“Only this past year, a group has been formed in Toronto, the Toronto Inuit Association,” LeBlanc said. “They’ve been a part of our community development.”

In 2005, three years after that first provincial gathering, TI hosted the One Voice conference, a joint venture between TI and the then-Department of Indian and Northern Affairs. The meeting brought Inuit together from seven cities across Canada to share stories about living away from home.

The needs raised in those and subsequent gatherings—such as Inuit community centres in urban areas and community development—have influenced TI projects since then.

“We’re strategically focused on the delivery of service,” LeBlanc said. “We’re still doing that. But as a result of doing that for 30 years, there is also, I guess you would call it advocacy, that we’re trying to focus on community development and not just community services.”

Even in the last six months, there have been a lot of changes within TI, said Crystal Martin, TI’s cultural policy advisor for education, with the organization adding several new programs and projects to the roster.

There is a new policy department, for instance, where Martin works with the Ontario Ministry of Education on curriculum and policy frameworks.

“We’re also looking to hire a restorative justice coordinator,” Martin said.

TI has also added a justice department since Martin started working there in November as well as a family wellness program where day counsellors from Mamisarvik provide support to people who might be considering treatment for trauma and addictions.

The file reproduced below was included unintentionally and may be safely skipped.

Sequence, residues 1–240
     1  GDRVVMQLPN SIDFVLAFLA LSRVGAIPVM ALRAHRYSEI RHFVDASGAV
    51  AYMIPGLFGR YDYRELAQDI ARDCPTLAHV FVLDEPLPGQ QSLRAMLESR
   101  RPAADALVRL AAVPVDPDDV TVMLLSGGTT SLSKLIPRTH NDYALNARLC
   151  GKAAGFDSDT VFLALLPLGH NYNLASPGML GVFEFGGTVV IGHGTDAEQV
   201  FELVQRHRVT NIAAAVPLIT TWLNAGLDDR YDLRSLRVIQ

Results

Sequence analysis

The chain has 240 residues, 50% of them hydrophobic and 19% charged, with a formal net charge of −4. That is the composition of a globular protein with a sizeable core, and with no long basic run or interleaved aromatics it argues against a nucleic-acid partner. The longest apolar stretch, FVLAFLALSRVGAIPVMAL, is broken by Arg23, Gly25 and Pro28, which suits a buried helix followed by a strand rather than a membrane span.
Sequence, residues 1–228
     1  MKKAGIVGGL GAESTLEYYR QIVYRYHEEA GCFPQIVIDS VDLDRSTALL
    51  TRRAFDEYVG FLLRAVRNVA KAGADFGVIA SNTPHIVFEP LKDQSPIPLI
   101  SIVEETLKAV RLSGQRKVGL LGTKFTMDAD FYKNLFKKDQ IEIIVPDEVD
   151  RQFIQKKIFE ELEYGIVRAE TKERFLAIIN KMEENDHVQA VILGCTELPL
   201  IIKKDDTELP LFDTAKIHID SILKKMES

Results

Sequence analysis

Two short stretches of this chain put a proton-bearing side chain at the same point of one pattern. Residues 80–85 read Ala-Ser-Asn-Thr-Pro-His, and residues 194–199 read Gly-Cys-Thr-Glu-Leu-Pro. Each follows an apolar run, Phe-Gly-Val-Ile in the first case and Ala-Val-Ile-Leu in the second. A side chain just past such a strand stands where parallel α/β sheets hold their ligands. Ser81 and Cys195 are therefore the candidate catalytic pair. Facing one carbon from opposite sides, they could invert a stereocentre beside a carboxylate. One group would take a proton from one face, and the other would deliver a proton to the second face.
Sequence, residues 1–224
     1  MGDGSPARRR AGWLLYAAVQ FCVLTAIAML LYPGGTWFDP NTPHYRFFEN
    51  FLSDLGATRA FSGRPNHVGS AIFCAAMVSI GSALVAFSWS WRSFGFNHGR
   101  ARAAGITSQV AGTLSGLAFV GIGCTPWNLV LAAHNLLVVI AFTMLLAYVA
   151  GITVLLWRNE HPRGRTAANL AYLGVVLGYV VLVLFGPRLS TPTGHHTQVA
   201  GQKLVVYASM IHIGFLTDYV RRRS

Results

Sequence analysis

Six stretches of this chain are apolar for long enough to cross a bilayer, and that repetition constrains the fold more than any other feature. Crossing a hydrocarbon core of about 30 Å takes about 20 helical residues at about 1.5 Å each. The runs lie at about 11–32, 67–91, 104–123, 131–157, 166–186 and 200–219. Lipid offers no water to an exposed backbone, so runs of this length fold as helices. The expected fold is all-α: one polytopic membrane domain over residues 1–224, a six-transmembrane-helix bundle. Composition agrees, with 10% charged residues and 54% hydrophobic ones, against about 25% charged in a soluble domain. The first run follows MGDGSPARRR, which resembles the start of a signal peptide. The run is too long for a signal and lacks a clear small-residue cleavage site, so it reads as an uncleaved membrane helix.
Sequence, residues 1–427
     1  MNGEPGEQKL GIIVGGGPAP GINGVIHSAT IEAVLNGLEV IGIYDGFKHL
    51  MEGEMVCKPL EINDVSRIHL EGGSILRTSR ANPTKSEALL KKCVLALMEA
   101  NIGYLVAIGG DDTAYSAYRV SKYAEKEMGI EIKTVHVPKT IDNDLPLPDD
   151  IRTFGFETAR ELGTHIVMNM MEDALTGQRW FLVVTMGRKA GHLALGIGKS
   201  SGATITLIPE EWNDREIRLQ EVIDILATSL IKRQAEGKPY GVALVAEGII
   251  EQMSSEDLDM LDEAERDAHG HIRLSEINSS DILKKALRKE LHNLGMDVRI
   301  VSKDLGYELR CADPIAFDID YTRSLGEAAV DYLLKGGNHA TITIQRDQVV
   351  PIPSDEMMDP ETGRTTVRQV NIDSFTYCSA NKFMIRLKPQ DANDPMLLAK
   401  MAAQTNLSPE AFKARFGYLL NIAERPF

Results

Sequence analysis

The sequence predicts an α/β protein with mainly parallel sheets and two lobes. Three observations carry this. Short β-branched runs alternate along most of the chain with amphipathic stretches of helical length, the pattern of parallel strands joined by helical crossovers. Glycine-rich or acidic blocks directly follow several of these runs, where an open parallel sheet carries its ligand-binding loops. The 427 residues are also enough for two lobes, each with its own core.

“There are a lot of new names and a lot of new faces,” Martin said.

Jamie Lecompte, who coordinates youth programming at TI, said issues raised recently, and often, in youth circle discussions include the need to create youth-elder programs and to incorporate some “mainstream” into future cultural activities.

“I find a lot of the youth that I work with, some of them are not very familiar with their culture so it’s intimidating,” Lecompte said.

“Then they go and they don’t understand when people are speaking Inuktitut—you know, already know what they’re doing—so they’re afraid to go to these programs. They feel intimidated.”

Lecompte plans to start incorporating activities like hip hop into the cultural music programs, blending the modern with the traditional so Inuit youth might be more comfortable and willing to participate.

Meanwhile, TI continues to work on its second report to the federal government on how the organization can support urban Inuit communities across Canada where Inuit populations continue to grow—in cities such as Edmonton, Halifax and Montreal, for example.

“One of the biggest shifts we had last year was looking at how do we meet the needs of all the Inuit in Ontario, not just Ottawa,” LeBlanc said. “We’re not saying we need to do it. We’re not saying it’s a TI kingdom we’re creating here. We’re talking about empowering Inuit to help Inuit, wherever they are.”